I wonder if the issues about Paul arise because we don’t read Paul’s epistles in their entirety. I recently learned a little about letter writing during the time of Paul and how the letters were to be read in the community in their entirety. They work better when consumed as a whole, but not when we pick out texts here and there to prove parts of our theology. Just a thought.

  • How do I say “Yes” to all 5 of you at once?

    Trav, I think Scot and I are coming at the same question from different angles, and with quite similar ground in terms of what a holistic gospel looks like.

    Peter, Ben, Ann, and Jesse, a fair bit of what I suggest in this book is that the Paul people despise may not be the biblical Paul; or, that he might be closer to Jesus than we’d like to think!

  • Jim

    I was Pauline long before I was a Christian. I think the only book/letter of the Bible I read and talked about was Romans. (That was followed by too many years reading Francis Schaeffer.) Thanks be to God, I was finally converted to Christianity and am now trying to read Paul in light of Jesus. (There might be something of this problem in American Evangelicalism over the past fifty years.)

    Thanks to your work, Scot, and others like you who are helping with this process.

  • I have come to regard most everyone in between Origen and N.T. Wright as the blind leading the blind into a ditch with Augustine leading the way. Origen referred to Paul as THE Apostle and if anyone understands Paul better than Tom Wright, I don’t know who that might be. They both focus on Jesus, as does Paul.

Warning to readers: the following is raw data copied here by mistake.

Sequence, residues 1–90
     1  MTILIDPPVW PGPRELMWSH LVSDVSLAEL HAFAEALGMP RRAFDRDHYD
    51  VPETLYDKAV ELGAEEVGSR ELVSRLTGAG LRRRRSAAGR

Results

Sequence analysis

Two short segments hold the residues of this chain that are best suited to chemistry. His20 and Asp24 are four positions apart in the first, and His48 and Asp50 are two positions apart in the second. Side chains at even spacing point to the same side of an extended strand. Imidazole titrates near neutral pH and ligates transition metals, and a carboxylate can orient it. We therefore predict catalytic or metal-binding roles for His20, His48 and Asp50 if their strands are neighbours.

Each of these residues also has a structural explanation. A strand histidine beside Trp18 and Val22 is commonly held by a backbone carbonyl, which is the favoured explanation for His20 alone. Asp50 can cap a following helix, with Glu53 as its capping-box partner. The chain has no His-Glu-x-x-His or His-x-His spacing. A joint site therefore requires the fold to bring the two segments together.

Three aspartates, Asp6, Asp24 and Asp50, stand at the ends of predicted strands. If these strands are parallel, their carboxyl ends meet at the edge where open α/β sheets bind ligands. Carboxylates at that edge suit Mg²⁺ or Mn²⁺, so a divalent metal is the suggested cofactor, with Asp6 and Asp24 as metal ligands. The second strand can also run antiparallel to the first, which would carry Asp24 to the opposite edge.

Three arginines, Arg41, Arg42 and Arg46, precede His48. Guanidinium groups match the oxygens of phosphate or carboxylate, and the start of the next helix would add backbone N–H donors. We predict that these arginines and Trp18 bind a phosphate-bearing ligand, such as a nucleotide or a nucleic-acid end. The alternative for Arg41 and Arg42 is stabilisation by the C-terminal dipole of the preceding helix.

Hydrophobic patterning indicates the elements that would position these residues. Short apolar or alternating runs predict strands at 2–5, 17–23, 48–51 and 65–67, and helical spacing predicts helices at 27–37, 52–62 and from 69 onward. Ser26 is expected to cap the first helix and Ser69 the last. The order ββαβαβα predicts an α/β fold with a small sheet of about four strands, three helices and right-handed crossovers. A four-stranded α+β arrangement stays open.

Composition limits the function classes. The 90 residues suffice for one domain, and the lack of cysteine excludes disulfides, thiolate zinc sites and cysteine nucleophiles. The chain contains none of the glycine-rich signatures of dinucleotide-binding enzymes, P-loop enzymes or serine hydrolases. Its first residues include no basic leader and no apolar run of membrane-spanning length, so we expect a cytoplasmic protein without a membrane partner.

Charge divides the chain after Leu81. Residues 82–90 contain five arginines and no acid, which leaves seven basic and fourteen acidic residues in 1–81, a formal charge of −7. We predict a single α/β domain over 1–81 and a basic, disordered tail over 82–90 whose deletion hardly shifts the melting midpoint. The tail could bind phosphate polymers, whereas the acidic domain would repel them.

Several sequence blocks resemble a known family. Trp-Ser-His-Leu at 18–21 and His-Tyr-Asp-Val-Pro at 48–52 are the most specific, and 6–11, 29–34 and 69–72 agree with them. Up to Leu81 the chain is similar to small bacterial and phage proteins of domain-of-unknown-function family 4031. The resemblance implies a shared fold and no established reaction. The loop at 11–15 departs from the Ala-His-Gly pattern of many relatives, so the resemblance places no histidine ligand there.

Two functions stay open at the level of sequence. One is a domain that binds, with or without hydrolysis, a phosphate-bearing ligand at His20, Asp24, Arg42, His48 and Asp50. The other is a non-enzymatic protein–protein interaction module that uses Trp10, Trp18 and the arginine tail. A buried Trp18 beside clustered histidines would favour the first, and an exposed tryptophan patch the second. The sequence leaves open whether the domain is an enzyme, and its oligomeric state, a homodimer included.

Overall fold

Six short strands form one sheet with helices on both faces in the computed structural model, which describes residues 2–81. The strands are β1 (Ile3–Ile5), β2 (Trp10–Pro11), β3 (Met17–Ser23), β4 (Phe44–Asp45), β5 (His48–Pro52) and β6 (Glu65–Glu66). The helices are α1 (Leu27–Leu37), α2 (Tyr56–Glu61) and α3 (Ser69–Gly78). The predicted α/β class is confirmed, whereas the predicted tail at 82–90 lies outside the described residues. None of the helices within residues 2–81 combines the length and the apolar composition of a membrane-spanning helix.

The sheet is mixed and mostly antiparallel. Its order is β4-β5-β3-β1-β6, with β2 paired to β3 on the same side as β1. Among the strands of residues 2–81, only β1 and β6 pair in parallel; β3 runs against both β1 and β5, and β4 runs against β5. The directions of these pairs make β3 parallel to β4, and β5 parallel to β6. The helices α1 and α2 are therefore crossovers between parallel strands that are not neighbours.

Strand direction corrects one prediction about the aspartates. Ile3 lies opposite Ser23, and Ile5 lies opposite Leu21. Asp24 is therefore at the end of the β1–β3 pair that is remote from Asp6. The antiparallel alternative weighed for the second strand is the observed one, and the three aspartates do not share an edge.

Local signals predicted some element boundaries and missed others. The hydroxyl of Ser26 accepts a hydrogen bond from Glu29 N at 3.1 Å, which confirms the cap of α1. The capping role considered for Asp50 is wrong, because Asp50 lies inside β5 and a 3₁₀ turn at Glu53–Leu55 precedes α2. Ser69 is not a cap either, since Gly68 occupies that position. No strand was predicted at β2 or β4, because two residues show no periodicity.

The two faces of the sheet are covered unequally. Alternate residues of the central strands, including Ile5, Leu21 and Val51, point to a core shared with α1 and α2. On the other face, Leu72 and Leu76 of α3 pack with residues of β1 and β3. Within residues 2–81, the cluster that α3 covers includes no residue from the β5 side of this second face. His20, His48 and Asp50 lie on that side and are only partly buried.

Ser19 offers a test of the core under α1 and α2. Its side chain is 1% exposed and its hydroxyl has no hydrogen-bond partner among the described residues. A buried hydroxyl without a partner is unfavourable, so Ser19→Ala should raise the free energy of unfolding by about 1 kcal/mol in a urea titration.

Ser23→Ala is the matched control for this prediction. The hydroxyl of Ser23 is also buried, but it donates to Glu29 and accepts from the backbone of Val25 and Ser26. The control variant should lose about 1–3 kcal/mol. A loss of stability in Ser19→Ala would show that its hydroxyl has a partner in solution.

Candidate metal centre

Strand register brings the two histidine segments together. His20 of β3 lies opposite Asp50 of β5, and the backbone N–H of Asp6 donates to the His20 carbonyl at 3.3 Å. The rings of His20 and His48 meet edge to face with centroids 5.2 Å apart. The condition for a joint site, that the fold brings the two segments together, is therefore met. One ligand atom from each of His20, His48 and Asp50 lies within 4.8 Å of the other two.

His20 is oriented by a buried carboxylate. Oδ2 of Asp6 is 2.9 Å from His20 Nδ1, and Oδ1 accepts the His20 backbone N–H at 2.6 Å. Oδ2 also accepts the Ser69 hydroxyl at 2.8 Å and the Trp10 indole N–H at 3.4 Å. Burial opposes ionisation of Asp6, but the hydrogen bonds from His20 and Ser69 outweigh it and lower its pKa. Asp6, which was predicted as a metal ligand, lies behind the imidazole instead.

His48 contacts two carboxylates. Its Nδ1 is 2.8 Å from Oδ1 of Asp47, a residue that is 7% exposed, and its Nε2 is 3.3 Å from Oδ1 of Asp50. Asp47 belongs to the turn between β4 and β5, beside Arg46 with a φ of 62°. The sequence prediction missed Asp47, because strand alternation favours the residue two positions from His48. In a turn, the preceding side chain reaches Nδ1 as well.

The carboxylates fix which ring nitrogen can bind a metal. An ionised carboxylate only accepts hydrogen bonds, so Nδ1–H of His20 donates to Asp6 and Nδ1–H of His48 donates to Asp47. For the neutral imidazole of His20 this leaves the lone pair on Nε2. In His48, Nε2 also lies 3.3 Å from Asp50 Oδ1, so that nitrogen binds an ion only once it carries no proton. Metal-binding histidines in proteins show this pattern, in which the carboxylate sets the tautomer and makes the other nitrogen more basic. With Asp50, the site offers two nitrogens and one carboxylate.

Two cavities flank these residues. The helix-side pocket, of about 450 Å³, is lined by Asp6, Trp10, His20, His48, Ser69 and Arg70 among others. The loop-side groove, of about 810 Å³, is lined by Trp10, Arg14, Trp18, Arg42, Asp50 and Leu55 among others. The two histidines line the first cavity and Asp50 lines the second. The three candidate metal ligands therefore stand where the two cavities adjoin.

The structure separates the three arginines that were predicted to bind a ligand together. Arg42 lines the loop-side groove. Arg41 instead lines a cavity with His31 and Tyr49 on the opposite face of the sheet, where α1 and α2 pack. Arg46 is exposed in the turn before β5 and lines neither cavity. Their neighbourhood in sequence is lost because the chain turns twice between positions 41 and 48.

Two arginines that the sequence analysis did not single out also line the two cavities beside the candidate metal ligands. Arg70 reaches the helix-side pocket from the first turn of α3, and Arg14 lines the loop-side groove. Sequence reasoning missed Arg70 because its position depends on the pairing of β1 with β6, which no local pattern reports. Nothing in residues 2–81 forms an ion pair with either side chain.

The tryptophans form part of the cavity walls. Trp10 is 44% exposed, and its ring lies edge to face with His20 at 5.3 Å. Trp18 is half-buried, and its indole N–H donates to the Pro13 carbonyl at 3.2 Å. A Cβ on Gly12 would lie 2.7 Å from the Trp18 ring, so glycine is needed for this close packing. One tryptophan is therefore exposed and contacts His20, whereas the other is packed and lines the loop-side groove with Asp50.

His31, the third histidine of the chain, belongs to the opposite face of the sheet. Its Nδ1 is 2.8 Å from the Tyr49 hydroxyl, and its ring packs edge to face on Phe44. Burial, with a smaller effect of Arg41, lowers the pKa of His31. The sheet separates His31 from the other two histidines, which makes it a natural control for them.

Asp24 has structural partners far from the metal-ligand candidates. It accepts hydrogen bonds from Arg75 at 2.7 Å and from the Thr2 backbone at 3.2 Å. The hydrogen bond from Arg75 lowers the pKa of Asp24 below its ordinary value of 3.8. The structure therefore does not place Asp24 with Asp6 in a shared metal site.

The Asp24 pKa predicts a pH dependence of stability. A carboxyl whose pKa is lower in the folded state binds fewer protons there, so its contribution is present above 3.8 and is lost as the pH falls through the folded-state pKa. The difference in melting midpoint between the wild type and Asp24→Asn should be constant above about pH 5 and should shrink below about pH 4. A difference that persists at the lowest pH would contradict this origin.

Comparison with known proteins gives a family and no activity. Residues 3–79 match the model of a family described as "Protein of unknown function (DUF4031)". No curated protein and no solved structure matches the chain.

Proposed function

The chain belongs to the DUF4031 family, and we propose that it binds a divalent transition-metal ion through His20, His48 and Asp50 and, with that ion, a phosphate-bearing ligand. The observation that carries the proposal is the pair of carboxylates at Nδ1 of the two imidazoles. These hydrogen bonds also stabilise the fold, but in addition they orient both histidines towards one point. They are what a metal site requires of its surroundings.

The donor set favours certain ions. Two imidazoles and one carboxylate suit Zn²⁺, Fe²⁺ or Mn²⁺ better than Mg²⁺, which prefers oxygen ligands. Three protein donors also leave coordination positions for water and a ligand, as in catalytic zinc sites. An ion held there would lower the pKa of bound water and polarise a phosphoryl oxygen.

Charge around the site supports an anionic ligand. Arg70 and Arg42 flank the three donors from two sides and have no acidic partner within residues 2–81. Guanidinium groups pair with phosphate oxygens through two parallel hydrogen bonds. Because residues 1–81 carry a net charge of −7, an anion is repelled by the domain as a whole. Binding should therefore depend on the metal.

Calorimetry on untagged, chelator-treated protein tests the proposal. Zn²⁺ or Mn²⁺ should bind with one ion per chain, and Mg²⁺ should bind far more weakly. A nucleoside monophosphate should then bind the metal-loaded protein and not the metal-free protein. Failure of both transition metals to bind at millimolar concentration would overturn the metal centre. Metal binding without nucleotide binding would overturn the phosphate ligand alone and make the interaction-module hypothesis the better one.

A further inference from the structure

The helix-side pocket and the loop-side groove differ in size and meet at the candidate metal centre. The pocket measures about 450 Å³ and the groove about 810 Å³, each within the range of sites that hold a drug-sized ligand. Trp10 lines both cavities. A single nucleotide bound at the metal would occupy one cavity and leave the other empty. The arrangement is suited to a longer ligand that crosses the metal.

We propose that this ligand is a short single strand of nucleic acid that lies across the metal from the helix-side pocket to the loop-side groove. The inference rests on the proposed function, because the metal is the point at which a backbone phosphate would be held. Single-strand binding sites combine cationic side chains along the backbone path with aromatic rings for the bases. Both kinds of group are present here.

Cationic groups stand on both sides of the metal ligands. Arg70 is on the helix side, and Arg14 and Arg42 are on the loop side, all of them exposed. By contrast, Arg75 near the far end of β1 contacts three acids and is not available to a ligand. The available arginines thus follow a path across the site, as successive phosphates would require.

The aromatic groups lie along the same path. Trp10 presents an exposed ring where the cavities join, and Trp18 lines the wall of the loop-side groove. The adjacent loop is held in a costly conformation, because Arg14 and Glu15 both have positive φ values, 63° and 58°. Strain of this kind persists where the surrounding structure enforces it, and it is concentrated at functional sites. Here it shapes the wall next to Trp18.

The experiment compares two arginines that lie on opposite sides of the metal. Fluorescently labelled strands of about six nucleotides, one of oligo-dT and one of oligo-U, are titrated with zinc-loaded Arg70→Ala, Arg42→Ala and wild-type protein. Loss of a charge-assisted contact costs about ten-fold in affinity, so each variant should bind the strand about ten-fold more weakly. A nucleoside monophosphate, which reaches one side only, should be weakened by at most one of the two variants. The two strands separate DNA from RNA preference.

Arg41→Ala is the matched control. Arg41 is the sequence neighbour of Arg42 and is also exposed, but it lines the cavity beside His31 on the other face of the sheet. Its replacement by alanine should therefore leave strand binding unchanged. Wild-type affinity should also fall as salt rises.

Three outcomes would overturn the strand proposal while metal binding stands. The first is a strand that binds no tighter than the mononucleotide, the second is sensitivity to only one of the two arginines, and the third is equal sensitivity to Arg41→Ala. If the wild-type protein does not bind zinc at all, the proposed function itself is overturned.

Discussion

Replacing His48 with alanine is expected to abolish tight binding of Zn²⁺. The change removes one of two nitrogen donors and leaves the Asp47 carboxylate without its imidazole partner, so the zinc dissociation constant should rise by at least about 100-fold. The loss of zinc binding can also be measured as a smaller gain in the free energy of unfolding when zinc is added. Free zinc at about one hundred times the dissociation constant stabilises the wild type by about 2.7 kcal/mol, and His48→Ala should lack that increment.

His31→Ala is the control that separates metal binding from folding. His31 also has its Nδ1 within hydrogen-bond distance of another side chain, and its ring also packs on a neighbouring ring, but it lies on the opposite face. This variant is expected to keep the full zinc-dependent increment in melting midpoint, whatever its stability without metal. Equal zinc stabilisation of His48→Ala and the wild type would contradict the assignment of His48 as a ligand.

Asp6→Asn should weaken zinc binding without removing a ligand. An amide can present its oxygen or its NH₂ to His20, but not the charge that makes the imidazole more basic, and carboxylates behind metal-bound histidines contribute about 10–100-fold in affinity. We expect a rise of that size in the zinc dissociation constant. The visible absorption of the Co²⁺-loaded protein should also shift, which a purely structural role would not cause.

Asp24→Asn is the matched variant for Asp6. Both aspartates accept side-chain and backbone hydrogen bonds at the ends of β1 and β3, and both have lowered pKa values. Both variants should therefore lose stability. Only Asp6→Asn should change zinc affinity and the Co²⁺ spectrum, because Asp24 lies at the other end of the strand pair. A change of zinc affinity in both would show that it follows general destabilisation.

Not long ago a comment about Jonathan Edwards spoke of the fact that his extensive writings were mostly about Paul with very little coming from the Gospels, and that was generally so until recent times. I think the Reformation is presently undergoing an extensive reformation, if not a complete do over. Jesus may make a comeback yet.

  • “I have come to regard most everyone in between Origen and N.T. Wright as the blind leading the blind into a ditch with Augustine leading the way.”

    OK….that’s not simply good…that’s priceless!
    Gonna memorize that one.
    Made my day! Thanks!

  • Charles, I am suddenly comforted by the fact that I come after Tom Wright!

  • Daniel @#10, I ordered your book today along with, finally, Scot’s King Jesus Gospel. I am greatly encouraged by the younger people coming up who actually seem to get it. Surely there have been others along the way but to my mind, N.T. Wright is smashing his way thru the massive walls that have been built around the simple message of Jesus over the past 1800 years in Western thought and theology. And what seems to be too thick to penetrate, he just goes around. Perhaps church history will come to recognize a major division of before and after Bishop Tom.

    Surely he doesn’t have all the answers, as I’m sure he would be first to admit, but I have set myself the goal of reading everything he has written at least in the past ten years. Not going to finish that tomorrow or the day after, especially because he seems to keep coming out with new books as fast as I can finish the older ones.